Where then, does the shadow in our lives come from? While in the source of light no shadow of turning is to be found, our own lives certainly exhibit the quality of shadow, of the unknown, of doubt. James calls it a shadow of turning. Turning from what? And to what? It might be that the author, being human quite like us, had a similar understanding of what it means to be human, that it is to be always turning from that which is good to that which we believe is not, and then turning back again, turning from that which we have to that which we do not; to be always turning in our minds from idea to idea, feeling to feeling, identity to identity, wardrobe to wardrobe; to be eternally turning, in the words of Kristoffersen, “from the rocking of the cradle to the rolling of the hearse” — our lives are a turning, and perhaps the turning casts the shadows we see around us. Perhaps our turning from this to that, here to there, him to her, actually is what casts about us the shadows of uncertainty, of doubt and the gnawing ambiguity which defines our days.
For those of us who struggle with a word like soul, Mary Oliver writes “the soul exists and is built entirely out of attentiveness.” But what might our constant turning do to the attentive nature of our inmost selves? I for one can very often feel fragmented, as if it might take some inhuman effort to really attend, be attentive, to one thing only, rather than allow my attention to fragment from one thing to the next. We can attend to a task, but it is only so long before our attention is dragged elsewhere, whether past or future, this worry or that, and so on, until we are never really doing anything as a whole creature. So we turn from attention to inattention and back again until we feel surrounded by shadow, surrounded by things we have not paid our full attention to and thus haunt us with their incompleteness.
I took as my original inspiration for this post an innocuous verse in a book of the Christian New Testament, called the Epistle of James. The verse, quoted at the outset, evoked something to me then of the mystery of light and shadow as I experienced it in my own more down-to-earth spiritual life. I was, and still am, stimulated by the imagery of turning that is invoked in the passage. God is described by James as the Source of Light, in whom there is no shadow of turning. Then what are we to make of our own shadow? Our own endless turning-about? James seems to establish quite a divide between God above, the unmoving Source of Light, free of any shadow, and us below, the hapless, benighted ghosts turning about in confusion. In my original post I wanted to offer a more poetic explanation for this divide, to assure the reader that it isn’t as wide as it appears. I write “to admit that we are the ones who cast our own shadows is a step forward on the path to light.” Turning is what we do; it is the source of our shadow. Nothing to be discouraged by, but simply acknowledged.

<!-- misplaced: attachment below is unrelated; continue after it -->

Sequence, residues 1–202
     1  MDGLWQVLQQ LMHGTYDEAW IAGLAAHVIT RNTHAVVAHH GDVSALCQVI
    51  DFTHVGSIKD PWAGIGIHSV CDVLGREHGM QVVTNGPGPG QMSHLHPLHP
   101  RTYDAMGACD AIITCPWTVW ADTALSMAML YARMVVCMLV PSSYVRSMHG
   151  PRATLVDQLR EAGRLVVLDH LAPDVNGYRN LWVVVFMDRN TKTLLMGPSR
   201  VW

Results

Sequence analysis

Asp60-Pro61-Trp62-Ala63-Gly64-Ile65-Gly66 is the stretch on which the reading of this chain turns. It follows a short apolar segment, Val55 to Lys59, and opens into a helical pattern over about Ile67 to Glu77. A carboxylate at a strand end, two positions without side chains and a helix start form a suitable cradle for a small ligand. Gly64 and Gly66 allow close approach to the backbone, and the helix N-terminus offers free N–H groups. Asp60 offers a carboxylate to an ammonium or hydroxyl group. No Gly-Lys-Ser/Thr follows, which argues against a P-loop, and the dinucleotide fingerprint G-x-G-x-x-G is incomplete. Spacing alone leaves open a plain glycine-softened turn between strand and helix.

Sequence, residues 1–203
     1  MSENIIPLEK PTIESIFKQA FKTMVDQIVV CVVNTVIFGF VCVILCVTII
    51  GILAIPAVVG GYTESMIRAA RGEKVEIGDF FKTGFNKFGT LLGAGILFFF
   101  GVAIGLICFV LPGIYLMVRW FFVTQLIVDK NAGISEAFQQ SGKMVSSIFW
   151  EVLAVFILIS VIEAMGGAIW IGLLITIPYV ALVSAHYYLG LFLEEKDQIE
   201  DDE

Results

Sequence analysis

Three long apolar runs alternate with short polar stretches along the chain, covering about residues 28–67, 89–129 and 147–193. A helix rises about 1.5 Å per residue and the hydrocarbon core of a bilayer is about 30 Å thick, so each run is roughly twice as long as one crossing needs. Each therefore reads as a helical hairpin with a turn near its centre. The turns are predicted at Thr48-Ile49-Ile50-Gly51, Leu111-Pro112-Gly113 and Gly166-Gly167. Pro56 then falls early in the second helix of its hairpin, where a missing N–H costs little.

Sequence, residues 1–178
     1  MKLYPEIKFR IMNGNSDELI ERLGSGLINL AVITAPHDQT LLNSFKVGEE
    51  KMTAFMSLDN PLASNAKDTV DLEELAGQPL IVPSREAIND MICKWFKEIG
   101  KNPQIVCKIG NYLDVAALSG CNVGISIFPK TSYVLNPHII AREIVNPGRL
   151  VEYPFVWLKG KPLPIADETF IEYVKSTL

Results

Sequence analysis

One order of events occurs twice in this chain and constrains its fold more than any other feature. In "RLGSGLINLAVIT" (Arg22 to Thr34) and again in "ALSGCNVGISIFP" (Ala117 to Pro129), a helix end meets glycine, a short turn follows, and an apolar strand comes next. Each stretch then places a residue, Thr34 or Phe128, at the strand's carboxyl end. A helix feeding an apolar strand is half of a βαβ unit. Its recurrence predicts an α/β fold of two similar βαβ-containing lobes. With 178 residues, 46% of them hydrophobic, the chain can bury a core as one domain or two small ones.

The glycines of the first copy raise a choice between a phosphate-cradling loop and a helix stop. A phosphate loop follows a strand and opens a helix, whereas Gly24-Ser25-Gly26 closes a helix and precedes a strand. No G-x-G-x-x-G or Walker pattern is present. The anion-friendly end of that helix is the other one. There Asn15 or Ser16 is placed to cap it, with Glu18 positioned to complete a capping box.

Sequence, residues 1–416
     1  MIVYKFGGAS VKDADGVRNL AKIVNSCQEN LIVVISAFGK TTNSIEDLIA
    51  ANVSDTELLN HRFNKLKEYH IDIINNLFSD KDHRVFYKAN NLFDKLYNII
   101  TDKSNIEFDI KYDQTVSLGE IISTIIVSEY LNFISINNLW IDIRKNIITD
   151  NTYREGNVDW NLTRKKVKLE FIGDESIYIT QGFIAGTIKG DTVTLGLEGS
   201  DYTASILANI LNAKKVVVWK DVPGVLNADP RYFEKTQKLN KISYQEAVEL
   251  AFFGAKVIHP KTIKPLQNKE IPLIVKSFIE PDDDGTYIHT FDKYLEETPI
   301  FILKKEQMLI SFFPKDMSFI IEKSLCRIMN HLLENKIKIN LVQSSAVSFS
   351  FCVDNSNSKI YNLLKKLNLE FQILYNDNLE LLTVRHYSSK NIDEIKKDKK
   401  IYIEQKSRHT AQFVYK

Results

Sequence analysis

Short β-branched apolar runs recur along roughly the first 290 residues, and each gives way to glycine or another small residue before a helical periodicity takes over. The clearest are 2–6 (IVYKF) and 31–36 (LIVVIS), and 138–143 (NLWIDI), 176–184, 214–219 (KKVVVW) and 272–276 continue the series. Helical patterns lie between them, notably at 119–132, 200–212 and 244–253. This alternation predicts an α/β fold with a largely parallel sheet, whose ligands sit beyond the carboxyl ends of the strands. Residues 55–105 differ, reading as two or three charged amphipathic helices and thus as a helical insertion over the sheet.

Another perspective I’d like to offer here is one of a Buddhist orientation. Turning is something that gets a lot of attention in Buddhist discourse. Upon delivering his first sermon after his Awakening, the historical Buddha, Gautama Siddhartha, is said to have set the wheel of Truth, or Dharma, in motion. The turning of the wheel of Dharma is an important image in Buddhist symbology, and signifies the activity of Truth in our lives. It is indeed something we do. To understand this more fully, it might be helpful to bring to the table another very important Buddhist teaching, that of dukkha. Commonly translated as “suffering”, dukkha might be better understood to mean anxiety, stress, discontentment, dissatisfaction, dis-ease, the not-quite-rightness of life. The Buddha suggested that, if we really pay attention, we might notice that we are accompanied at all times, in every moment, by dukkha. Wanting what we don’t have and having what we don’t want, in other words, grasping and rejecting, are like the twin engines of our dukkha, our discontentment. These are subtle and shape-shifting forces that are at work in nearly every waking moment of our lives. The Buddha says that we only need to pay attention to recognize the truth of it. When dukkha is seen through and thoroughly understood, what arises in its place is sukha, often translated as “happiness”, but better understood to mean ease, peace, contentment, tranquility.
Here is where it gets interesting. You may have noticed that the words dukkha and sukha have something in common. Quite right. Their etymologies reveal that they share the suffix -kha, which in ancient Indo-Aryan Prakrit languages signified the hole in the center of a wheel where it would meet with the axle of a cart, thus allowing the wheel to turn as the cart is pulled along. The prefixes su- and du- each respectively mean something like “right” and “wrong”, or “aligned” and “unaligned”. And so these words take on some depth of meaning. Our dukkha, our anxiety, discontentment, irritation, disappointment, can be compared to the wheel of a cart that isn’t turning quite right. Imagine riding on an oxcart in northern India sometime in the dusty years of the 4th century BCE. Imagine what it would feel like if the wheels on the cart weren’t affixed to the axle properly. They wobble, jerk side to side, making the ride supremely unpleasant. The Buddha says this is how our life is. Doesn’t it feel that way? Never quite right. And even when things go our way, there is always the anxiety of change, of losing what fortune we have. So this is the turning of our life. On the other hand, says the Buddha, the peace and ease we experience when we attend to our lives carefully is like riding on a cart whose wheels are true, turning in perfect alignment.
What I appreciate so much about this perspective is that it makes no value judgment on the turning of life. While James in his Epistle seems to qualify the turning as being the source of shadow, as opposed to the stillness to be found in God, the Source of Light, the early Buddhist perspective is that turning is the whole game, it’s just a matter of how we turn. So then what about all this light and shadow business? Well, we don’t have to be particle physicists to observe that the source of a shadow is twofold: an object, and… light! That’s right. We have the light to blame for all this shadow. Well, partly. What is doing the turning? And what is the light? Rather than try to put together anymore pretty answers to these important questions, I’ll let my 25 year old self have the last word.
It is almost as if our own attention is the light we seek, and when we allow it to fragment, it casts a shadow.